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An expat in the true sense, Ethiopian by birth, Lebawit has lived on three continents and currently spends her winters in the Caribbean.

 

Where were you born and in which countries have you lived?

I was born in Addis Ababa, Ethiopia. I’ve lived in: Ethiopia, Côte d’Ivoire (where I spent half of my life), England (where I graduated high school), the US, Jamaica, Grenada and Belize.

 

Describe your first trip abroad.

My first trip abroad was actually at age 14. My dad gave me the option of either staying at my French school in Abidjan, or going to boarding school in England. My first thought was, Europe?! Sign me up! And so at 14 I boarded the plane solo and headed to Bournemouth, in the south of England. It was a cute little town by the English Channel.

 

When did you realize that you had the Expat bug? That you wanted to live abroad?

To tell you the truth, I’ve always known it deep down. I was an expat from the moment I was born – since my parents and the whole family left Ethiopia when I was almost one and I pretty much grew up abroad and have lived abroad since then. I was an Ethiopian expat, and then I became a US expat when I started living abroad half the year in the Caribbean. So I’ve had that expat bug forever. And it’s only getting worse.

 

What has been your most enlightening experience while living abroad?

That’s a tough question. I have two of them. One is when I first went to Ethiopia as an adult, after having been away from my country since birth. That was the most moving experience of my life. I met family members I had only known by phone or photograph. I saw people that looked just like me all around, everywhere – I was overwhelmed, happy overwhelmed. I realized that no matter where I was raised, I am still Ethiopian at heart. I grew up in an Ethiopian home, speak the language and the only missing piece was not having gone home. So it was full circle for me.

The second most enlightening moment was spending five months in Jamaica in the winter of 2008, after quitting my law firm job. Jamaica is where I became a self-taught photographer and where I discovered my purpose. It was also enlightening because I realized how much I craved a connection to where I grew up – West Africa. And Jamaica very much reminded me of that.

 

What has been your most disheartening experience while living abroad?

Ah! Well, overall I’ve had nothing dramatic happen, thank God. But I remember being super sick with the flu once in Jamaica, for up to a week or so. I was disappointed with a couple of people I thought were friends because they never came to visit or check on me during that time. At the same time I was pleasantly surprised by another good friend who works as a chef – he made me a big batch of chicken foot soup and would bring it to me every day after a long day at work. I guess people are people everywhere – good or bad.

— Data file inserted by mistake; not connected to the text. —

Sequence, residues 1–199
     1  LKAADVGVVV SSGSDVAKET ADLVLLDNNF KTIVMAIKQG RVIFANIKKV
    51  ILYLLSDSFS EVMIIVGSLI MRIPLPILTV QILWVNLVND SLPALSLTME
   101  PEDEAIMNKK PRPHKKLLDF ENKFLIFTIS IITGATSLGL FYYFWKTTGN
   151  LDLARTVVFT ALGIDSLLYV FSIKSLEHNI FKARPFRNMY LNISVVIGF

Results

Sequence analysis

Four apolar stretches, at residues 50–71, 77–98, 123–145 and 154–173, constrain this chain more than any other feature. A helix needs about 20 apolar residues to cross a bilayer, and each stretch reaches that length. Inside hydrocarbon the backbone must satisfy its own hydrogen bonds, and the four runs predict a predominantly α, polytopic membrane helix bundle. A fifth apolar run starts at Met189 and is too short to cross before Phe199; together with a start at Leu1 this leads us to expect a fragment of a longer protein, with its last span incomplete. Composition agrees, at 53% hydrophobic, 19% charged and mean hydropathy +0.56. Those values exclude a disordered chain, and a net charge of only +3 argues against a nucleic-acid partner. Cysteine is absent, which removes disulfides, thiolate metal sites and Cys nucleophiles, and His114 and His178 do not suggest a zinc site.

Did you move with your family?

No, I’m single and I don’t have children yet.

 

Which customs from home do you miss the most?

I miss the food, mostly – and I mean Ethiopian food. In the US we have access to a lot of Ethiopian ingredients so my mom usually cooks Ethiopian once in a while. When I’m away it’s impossible to find some – there is none in the Caribbean or Central America. I can’t think of anything else I miss from the US.

 

Have you had any problems with language in your travels through the Caribbean?

Most of the places I’ve traveled, English was the official language. However there was also a local “Creole” spoken by most – in Jamaica, Grenada and Belize. Knowing a few words and phrases always helps to immerse better and meet more locals. I learned quite a bit of patois while living in Jamaica and picked up an accent that I didn’t realize I had until I returned home and friends noticed it or someone would ask me if I was from the Caribbean. It’s funny how quickly you can assimilate. I’ve always had an easy time of picking up on languages, as well.

 

How have you gone about making friends?

I honestly don’t know that I had a particular strategy. I think in both Jamaica and Grenada it happened from staying at a locally-owned hotel or apartment. The owners were often fellow young entrepreneurs and from there I met their friends. Other times it would happen at events. And in Belize, for instance, it happened just from traveling solo and being open to meeting new folks. I just went about doing the things I love, and from there meet folks with similar interests. It’s really not that different than back home in that respect.

 

Have you connected with the expat community where you live?

Whenever I live abroad – which is mostly during the winter months from December through April – I do mix with both locals and expats. I tend not to really spend all my time with expats only though. I like to be with people of diverse backgrounds and it’s always good to have contact with different groups.

 

How do you keep in touch with family and friends from home?

These days it’s pretty easy – with Skype, chat or email. In some countries calling is easy as well – like Jamaica with its 1,000 minutes a month calling plan for Canada and the US, for just US $20. You could never finish those minutes in one month if you tried.

 

Are you working? Is it difficult to find a job?

Yes, I’m currently in Belize working on the next edition of the travel guidebook “Moon Belize” for Moon Handbooks/Avalon Travel, due out in Fall 2013.  I was recently selected as the new author, so it’s great to be working on what I love to do and travel at the same time.  Before this, I freelanced in writing and photography from abroad and pitched articles and photos to US-based outlets while away. I was also commissioned for photo gigs by Caribbean tourism boards, hotels and attractions. In some cases the money came while I was in the US, post-trip, and in other cases — particularly at the beginning of my travels — I would barter for rent or other perks.